All assault offenses in Texas involve alleged offenders causing physical contact or bodily injury, orthreatening to cause bodily injury to another person. When an alleged assault results inserious bodilyinjuryor involves the use or exhibition of adeadly weapon, the crime becomes aggravated assault.
Aggravated assault is a serious felony offense in Texas that can result in very lengthy prison sentencesand enormous fines.Texas Penal Code § 1.07(46) defines serious bodily injury as “bodily injury thatcreates a substantial risk of death or that causes death, serious permanent disfigurement, or protractedloss or impairment of the function of any bodily member or organ,” and prosecutors may file aggravatedassault charges even though alleged victims did not suffer injuries that satisfy this definition.
Attorney for Aggravated Assault Arrests in FortWorth, TX
Were you arrested for an alleged aggravated assault or assault with a deadly weapon anywhere in the DFW area? You should not make any kind of statement to authorities without legal counsel. Contact Townsend, Gebhardt & Eppes, PLLC right away for help protecting your legal rights.
Townsend, Gebhardt & Eppes, PLLC are experienced criminal defense lawyers in Fort Worth who represent clients accused of violent crimes in Cleburne, Arlington, Weatherford, Fort Worth, and many other nearby communities in Tarrant County, Parker County, and Johnson County. Call today (817) 502-3600 to have our attorneys review your case and help you understand all of your legal options during a free initial consultation.
Overview of Aggravated Assault in Tarrant County
- When can a person be charged with this crime?
- What are the consequences of convictions or guilty pleas?
- Where can I find more information about aggravated assault in Fort Worth?
Texas Aggravated Assault Charges
An alleged offender commits the crime of aggravated assault under Texas Penal Code § 22.02(a) if he or she commits an assault as defined in Texas Penal Code § 22.01(a)—meaning he or she intentionally, knowingly, or recklessly caused bodily injury to another person, including the alleged offender’s spouse; intentionally or knowingly threatened another person with imminent bodily injury, including the alleged offender’s spouse; or intentionally or knowingly caused physical contact with another person when the alleged offender knew or should have reasonably believed that the other person would regard the contact as offensive or provocative—and the alleged offender causes serious bodily injury to the other person or uses or exhibits a deadly weapon during the commission of the assault. A deadly weapon is defined under Texas Penal Code § 1.07(17) as “a firearm or anything manifestly designed, made, or adapted for the purpose of inflicting death or serious bodily injury,” or “anything that in the manner of its use or intended use is capable of causing death or serious bodily injury.”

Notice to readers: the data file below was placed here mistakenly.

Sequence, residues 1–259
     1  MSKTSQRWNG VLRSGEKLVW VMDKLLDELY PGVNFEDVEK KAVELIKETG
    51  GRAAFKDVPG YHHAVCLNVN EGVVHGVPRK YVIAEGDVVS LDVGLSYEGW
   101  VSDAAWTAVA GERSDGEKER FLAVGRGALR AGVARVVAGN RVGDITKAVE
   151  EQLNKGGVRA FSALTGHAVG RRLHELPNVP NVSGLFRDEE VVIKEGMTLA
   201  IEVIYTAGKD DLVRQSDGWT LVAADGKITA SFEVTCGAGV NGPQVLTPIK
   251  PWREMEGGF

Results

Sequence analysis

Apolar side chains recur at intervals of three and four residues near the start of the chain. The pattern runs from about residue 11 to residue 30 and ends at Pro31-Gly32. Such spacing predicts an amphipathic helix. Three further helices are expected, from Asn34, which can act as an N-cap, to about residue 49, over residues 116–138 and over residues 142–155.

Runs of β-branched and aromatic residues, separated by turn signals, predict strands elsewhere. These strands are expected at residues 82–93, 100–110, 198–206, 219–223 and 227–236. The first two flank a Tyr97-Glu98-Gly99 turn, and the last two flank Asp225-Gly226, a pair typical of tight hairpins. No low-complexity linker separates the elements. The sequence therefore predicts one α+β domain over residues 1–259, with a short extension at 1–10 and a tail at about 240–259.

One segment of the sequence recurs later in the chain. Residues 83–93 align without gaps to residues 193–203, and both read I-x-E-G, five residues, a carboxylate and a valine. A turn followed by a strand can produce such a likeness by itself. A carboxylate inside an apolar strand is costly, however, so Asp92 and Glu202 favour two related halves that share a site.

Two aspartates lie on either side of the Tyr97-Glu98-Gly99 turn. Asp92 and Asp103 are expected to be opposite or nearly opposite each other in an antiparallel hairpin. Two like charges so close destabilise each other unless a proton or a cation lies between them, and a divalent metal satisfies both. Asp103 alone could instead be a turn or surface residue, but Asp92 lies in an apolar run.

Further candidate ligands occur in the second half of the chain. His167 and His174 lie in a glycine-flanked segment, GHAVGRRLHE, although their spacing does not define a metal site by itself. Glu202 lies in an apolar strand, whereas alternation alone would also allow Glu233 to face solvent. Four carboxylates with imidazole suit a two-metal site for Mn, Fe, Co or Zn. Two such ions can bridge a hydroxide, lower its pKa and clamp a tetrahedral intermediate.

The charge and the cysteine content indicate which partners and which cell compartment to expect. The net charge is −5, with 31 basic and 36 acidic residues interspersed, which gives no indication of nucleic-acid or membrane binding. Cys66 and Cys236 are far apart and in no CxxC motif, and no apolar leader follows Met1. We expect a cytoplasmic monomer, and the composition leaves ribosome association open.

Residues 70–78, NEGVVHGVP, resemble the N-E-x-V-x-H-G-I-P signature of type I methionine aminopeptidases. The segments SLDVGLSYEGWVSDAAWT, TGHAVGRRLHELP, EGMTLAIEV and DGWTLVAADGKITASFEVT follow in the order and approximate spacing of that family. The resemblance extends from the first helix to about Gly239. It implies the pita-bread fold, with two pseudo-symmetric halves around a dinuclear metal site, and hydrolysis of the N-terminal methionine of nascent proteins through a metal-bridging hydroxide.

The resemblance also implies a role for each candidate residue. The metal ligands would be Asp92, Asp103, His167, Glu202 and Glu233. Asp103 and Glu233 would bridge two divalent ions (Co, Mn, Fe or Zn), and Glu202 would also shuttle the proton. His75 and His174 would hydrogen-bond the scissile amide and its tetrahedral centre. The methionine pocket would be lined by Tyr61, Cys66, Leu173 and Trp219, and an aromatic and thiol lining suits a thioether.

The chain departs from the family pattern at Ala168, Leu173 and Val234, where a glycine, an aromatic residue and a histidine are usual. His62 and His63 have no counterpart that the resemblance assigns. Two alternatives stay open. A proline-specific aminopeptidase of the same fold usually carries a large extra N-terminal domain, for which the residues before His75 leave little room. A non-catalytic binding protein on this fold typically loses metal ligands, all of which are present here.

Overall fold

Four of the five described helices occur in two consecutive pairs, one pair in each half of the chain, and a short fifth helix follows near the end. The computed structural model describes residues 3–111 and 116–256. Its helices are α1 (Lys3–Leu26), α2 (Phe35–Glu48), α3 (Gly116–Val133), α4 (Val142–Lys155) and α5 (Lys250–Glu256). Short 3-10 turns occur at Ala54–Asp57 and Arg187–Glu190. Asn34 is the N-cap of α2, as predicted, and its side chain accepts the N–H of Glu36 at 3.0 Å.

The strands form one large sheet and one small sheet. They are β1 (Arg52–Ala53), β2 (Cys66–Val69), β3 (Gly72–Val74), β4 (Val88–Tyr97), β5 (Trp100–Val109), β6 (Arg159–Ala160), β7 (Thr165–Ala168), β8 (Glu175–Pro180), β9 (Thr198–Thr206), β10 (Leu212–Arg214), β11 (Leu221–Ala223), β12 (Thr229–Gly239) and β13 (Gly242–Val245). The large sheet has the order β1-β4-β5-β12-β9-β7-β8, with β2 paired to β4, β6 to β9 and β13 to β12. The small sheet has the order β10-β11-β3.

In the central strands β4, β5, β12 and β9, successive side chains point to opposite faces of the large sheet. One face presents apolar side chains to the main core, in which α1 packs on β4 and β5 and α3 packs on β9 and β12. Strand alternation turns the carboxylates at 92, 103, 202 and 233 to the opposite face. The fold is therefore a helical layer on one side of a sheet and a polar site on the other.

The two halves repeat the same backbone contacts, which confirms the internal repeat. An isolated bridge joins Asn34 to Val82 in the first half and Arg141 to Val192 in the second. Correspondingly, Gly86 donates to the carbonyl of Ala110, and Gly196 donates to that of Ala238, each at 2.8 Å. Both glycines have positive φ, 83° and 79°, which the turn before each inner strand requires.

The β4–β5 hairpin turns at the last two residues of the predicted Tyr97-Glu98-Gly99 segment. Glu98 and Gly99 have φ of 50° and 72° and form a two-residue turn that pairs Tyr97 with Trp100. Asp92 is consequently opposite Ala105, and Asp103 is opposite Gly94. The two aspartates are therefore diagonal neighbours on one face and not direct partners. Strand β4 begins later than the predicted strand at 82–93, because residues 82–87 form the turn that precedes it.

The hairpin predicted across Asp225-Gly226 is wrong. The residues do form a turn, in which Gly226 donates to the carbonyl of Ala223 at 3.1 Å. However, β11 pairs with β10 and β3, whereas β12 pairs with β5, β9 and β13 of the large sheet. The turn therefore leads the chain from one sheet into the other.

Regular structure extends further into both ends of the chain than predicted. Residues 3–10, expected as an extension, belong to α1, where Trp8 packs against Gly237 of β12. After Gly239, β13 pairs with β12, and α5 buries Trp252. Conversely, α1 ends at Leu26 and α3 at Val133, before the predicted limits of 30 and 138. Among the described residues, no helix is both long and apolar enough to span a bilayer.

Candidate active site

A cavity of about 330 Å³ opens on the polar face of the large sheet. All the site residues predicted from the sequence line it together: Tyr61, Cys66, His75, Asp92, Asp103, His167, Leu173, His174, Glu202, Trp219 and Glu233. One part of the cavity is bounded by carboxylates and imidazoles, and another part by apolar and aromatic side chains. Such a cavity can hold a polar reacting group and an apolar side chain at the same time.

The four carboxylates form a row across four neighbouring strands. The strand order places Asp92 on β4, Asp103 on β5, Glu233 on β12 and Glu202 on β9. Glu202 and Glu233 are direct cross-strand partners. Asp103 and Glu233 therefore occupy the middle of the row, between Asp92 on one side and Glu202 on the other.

Generally, aggravated assault is classified as a second-degree felony. Under Texas Penal Code § 22.02(b), aggravated assault becomes a first-degree felony if:
- The alleged offender uses a deadly weapon during the commission of the assault and causes serious bodily injury to a person whose relationship to or association with the alleged offender a dating relationship, family, or household member;
- The alleged offense is committed by a public servant acting under color of the servant’s office or employment, against a person the alleged offender knows is a public servant while the public servant is lawfully discharging an official duty, or in retaliation or on account of an exercise of official power or performance of an official duty as a public servant, in retaliation against or on account of the service of another as a witness, prospective witness, informant, or person who has reported the occurrence of a crime, or against a person the alleged offender knows is a security officer while the officer is performing a duty as a security officer; or
- The alleged offender is in a motor vehicle and knowingly discharges a firearm at or in the direction of a habitation, building, or vehicle, is reckless as to whether the habitation, building, or vehicle is occupied, and in discharging the firearm, causes serious bodily injury to any person.
Aggravated Assault Penalties in Tarrant County